Reflections on an NQT year

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SecEd's NQT diarist this year, Tomas Duckling, considers the lessons he has learnt after his first year in the classroom.

And now, the end is near, and so I face, my final curtain. To think, a whole year has gone by and I am approaching the end of my time as an NQT. I am nearly a “proper teacher”! 

SecEd has asked me to reflect on my year for this special NQT edition. Hopefully these reflections will prove useful for those trainees among you who will be starting out in September. So here are the top 10 things that I have learnt. (I apologise in advance if some of what follows sounds a bit mushy, but reflection is always rose-tinted). 

Your ideas are only as good as the relationships you build. You can plan the most wonderful and intricate lesson you can imagine, but if you haven’t developed relationships and understanding with a class they will never go with you. You need to care, and show them that you care, and then they will happily follow you anywhere. The minute you break down the barriers of resistance in a classroom and get them to respect you, they will largely appreciate what you are doing and allow you the opportunity to try and teach them. Ignore the need to form such a bond and they will look to destroy you. 

If you want confidence, know your subject. People can say what they want about the youth of today, but they are discerning. Most of all they want someone who knows their subject inside-out and is enthusiastic about passing it on. Knowledge impresses students more than fear. Knowledge breeds confidence in the classroom and confidence in your performance. The more you know, the better you can teach it. 

Go hard or go home. If you are not prepared to discipline children you will look weak. That does not mean you need to be nasty, but you need to be able to create uncrossable lines and stand by your judgements. You need to be clear in your instructions and your boundaries. If you do not know your rules, how are they supposed to? If you promise a punishment, see it through. If not, don’t expect them to shut up. 

Being part of a school is more than just teaching your lessons. If you go into work, teach your lessons and then go home you are not making the most of your workplace. Get involved. Not only does it get you into strange situations and open bizarre doors, but it enables you to connect with students on a different level and communicate in new ways. This year I have been sprinter, journalist, film director, football manager, agony aunt, army commando, presenter, teacher and student among many more. How many jobs offer that?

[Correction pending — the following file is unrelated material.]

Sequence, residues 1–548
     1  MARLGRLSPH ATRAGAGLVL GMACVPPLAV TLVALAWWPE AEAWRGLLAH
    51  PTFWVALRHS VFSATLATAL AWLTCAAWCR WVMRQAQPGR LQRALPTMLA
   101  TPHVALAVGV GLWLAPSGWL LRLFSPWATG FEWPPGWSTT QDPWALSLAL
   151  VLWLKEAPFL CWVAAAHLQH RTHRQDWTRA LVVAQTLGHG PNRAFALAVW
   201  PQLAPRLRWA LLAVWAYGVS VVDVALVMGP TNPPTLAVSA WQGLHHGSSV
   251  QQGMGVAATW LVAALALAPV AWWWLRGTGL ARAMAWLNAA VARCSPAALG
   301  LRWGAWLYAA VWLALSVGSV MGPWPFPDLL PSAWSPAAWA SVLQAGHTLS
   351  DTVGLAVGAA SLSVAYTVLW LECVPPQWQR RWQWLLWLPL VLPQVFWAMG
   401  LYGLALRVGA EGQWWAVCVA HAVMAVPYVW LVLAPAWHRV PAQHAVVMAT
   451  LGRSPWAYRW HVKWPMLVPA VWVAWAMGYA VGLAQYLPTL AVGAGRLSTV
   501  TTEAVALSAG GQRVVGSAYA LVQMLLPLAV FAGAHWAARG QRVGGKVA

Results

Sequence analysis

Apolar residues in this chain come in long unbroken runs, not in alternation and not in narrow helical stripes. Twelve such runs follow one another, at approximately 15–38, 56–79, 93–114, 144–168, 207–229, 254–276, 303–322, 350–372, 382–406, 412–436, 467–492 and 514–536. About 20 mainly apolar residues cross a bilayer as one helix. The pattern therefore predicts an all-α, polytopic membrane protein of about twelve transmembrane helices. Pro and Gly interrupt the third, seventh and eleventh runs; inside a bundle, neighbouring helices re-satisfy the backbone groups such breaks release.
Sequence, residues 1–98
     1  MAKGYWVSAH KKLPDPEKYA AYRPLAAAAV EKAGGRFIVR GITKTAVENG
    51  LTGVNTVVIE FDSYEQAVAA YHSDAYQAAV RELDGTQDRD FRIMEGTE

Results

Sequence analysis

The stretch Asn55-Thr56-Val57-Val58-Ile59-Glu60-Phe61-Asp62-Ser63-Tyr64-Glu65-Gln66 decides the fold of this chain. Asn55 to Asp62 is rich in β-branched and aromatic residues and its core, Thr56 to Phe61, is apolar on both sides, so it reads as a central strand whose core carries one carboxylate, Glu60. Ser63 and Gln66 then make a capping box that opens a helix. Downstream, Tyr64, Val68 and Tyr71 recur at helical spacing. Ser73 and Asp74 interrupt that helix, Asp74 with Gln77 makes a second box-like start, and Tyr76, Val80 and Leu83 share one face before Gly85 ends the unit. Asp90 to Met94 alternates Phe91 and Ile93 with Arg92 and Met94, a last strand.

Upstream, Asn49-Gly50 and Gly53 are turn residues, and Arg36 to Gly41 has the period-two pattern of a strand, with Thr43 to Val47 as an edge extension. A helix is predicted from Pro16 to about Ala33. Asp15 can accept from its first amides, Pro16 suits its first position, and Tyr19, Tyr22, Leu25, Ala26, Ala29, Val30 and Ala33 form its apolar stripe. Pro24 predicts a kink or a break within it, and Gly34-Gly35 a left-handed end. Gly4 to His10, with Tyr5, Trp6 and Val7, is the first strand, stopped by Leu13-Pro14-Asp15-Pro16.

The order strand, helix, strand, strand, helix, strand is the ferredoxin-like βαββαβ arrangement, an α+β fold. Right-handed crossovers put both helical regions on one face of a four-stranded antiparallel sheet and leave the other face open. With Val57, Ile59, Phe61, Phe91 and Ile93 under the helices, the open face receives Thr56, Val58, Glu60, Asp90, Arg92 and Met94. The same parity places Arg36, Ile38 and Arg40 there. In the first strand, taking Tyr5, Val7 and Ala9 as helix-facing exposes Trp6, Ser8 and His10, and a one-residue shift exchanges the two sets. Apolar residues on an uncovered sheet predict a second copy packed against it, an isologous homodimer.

Finding time for a student is never time wasted. Standing in front of 30 expectant faces does not offer much time for direct engagement. When a student comes to find you or needs some help, you need to make that happen. You can make huge strides in their focus and interest if you just allow them some one-on-one time. You are not a tutor but you will never regret giving up that five minutes (although you may regret not doing it). 

Don’t be afraid to ask. Sometimes being at the bottom of the teaching pile can feel lonely but those above you have been there and, in my experience, are readily available to help. 

My colleagues and my department have been an invaluable sounding board this year and offered advice, warning and opinion whenever I needed them. I would have struggled to deliver the quality of lessons I have managed without them. 

Risks can go wrong, that is why they are called risks. In my training year, I tried some stupid ideas. Ideas I would not try again and I had lessons that went horrifically wrong. On the flip-side, a few of those risks paid off and provided me with some very special lessons. Be prepared to fail and make mistakes – that is how you learn, after all. 

If you are not bothered about learning, you aren’t teaching. When I started teaching, my biggest mistake and largest weakness was that I thought it was all about me. I thought it was a show and a performance. I have not removed that side totally, because that is what makes me an interesting teacher, but at the same time I now have a totally different concept of learning. 

I no longer worry about my performance, I worry about their learning. I want to know if what I am doing is making a difference, I want to know if they are intellectually developing. 

My training may be over but this is where I intend to keep learning, because I am better at this now than I was last week and I can only hope that trend continues. 

Coffee can be good – and bad. Many a morning I have rolled in after a bad night’s sleep or the odd hangover (don’t tell my boss) and I have sunk four cups of coffee. Sometimes this gives me the impetus to teach like a master of education, other times it makes me think the students are out to get me and I snap at the first tapping pencil. Know your limits. 

Enjoy yourself. Other stupid phrases that could be inserted here include “be yourself” and “carpe diem”. However, I genuinely feel you have to try and go into work and enjoy it. If you fear the class it will show. 

You need to think the next hour of your life will be fun, rewarding and worthwhile. If not it becomes a mere production line and you are not bothering to do what you are paid for.

I could have done other things and maybe made more money in other vocations but I have enjoyed every day I have had as a teacher, good or bad. It isn’t really a job.

So there you have it. I hope the above has not come across as obvious or patronising – it is an honest account of what I have learnt in my first year of teaching, which, ironically, has been my most important ever year of learning.

  • Tomas Duckling, a history teacher at Queens’ School in Hertfordshire, has been writing a weekly diary in SecEd of his experiences as an NQT this year. 

 


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